Blog: Dean BestWhat's driving pre-Brexit stockpiling?

Dean Best | 13 March 2019

Concern over prices driving stockpiling, GlobalData says

Concern over prices driving stockpiling, GlobalData says

A significant chunk of UK consumers are either starting - or planning - to stockpile ahead of the country's departure from the EU.

Research from data and analytics firm GlobalData published today (13 March) showed more than a quarter of UK shoppers have begun stockpiling or plan to stockpile before Brexit (still, at the time of writing, scheduled for 29 March, even if a majority of UK MPs have - in the last few minutes - voted to rule out a 'no-deal' Brexit).

But it is not shortages driving any stockpiling or plans to do so.

Thomas Brereton, retail analyst for GlobalData, said: “Two-thirds of all shoppers believe that the price of their usual food and grocery shop will rise notably, and just over 10% of people claim they are already stockpiling products. It is the fear of price increases rather than shortages that is the biggest driver – with 60% of stockpilers doing so because of a belief of higher prices post-Brexit, and 52% doing so in anticipation of product shortages.

"Shoppers are either stockpiling or planning to stockpile a wider range of food categories than the predictable cupboard staples such as household products and cereals, with tinned fruit and vegetables proving a popular category, as well as tinned meat products."

The UK food industry has spent months building inventory but has publicly warned of the "significant disruption" that would face the industry from a 'no-deal' Brexit on all foodstuffs and particularly fresh-food. The close relationship between the UK and the EU and the 'just in time' supply chain between the two is often cited.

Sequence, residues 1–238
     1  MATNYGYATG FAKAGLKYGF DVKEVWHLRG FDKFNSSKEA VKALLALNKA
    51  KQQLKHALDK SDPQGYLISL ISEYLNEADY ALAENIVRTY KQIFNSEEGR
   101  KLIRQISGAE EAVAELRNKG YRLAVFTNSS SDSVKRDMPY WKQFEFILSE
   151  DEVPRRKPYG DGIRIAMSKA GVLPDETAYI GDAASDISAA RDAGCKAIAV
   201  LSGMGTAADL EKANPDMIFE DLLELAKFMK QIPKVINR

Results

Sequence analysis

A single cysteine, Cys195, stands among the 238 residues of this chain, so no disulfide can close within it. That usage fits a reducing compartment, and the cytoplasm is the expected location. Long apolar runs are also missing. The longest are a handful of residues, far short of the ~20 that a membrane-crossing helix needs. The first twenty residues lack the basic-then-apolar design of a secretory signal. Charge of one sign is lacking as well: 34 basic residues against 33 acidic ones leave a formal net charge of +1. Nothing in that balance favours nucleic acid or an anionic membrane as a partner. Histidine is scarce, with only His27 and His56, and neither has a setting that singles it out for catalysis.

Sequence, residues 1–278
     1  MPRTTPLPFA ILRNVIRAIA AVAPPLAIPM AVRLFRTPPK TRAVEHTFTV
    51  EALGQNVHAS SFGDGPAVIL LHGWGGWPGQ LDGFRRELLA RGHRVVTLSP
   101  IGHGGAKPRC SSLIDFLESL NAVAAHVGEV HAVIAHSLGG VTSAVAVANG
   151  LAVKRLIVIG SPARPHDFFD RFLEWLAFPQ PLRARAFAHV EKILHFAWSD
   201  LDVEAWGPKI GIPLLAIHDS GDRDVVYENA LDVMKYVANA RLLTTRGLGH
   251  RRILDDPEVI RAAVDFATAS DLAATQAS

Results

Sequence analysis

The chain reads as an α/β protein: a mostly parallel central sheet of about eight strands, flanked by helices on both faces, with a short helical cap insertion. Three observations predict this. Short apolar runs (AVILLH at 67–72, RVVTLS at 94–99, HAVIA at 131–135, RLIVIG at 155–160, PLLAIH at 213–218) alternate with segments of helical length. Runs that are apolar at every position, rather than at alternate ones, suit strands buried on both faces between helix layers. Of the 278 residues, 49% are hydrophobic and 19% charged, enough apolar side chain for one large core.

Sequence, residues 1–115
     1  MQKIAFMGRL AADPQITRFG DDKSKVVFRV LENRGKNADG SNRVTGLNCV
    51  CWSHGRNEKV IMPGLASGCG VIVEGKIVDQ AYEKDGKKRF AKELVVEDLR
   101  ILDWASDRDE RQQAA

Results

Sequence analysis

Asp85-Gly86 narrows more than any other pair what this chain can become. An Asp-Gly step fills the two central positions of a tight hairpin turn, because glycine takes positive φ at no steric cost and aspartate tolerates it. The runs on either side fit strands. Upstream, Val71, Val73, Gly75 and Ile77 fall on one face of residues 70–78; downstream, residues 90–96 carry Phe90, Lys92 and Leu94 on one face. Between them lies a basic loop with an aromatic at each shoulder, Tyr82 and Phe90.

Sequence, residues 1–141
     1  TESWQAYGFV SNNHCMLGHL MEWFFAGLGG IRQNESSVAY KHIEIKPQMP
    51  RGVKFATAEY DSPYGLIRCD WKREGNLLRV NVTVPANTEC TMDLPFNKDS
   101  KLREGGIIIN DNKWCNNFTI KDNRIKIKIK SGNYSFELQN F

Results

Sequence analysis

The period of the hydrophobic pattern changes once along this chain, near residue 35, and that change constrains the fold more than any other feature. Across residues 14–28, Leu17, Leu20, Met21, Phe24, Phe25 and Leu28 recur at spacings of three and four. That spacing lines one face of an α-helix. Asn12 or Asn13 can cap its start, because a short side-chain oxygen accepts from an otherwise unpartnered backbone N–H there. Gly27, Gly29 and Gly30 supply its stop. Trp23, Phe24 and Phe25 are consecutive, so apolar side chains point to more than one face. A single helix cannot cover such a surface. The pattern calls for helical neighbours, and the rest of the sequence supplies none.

Brereton said: "The just-in-time supply chain that UK supermarkets operate on means that there is not the specialist infrastructure in place to deal with stockpiling – particularly of fresh goods – and it is important that the Government provides clarity on the situation as quickly as possible to reassure shoppers.”

The GlobalData research showed almost 40% of shoppers are either currently stockpiling - or planning to - household products, with both cereal and tea/coffee at 35%.

Meanwhile, Morrisons, the UK's fourth-largest grocer, said today UK shoppers had started stockpiling toilet rolls and painkillers in a bid to plan for a 'no-deal' Brexit. According to The Guardian, Morrisons has upped stocks of products consumers use to fill cupboards and larders, such as tins of soup and beans.

As far as Morrisons is concerned, so far, stockpiling had been limited, chief executive David Potts said.


Bar brawl - US snack firms Clif and Kind joust over ingredients

Clif Bar & Co. and US snack peer Kind have become involved in a public spat over the ingredients the companies use in their snack bars....


Amazon pulls plug on Dash buttons

The retail behemoth has said shoppers will no longer be able to buy its Dash buttons, which had allowed consumers to re-order products with one push of a finger....


Ex-PepsiCo chief Indra Nooyi gets seat on Amazon board

Former PepsiCo CEO Indra Nooyi has secured a high-profile directorship, with retail giant Amazon appointing the CPG veteran to its board of directors....


Asda boss reacts to UK watchdog's stance on Sainsbury's deal

Sainsbury's chief Mike Coupe took to the airwaves within minutes of the CMA's provisional findings being announced and, today (21 February), his partner on the proposed merger at Asda gave his verdict...

Forgot your password?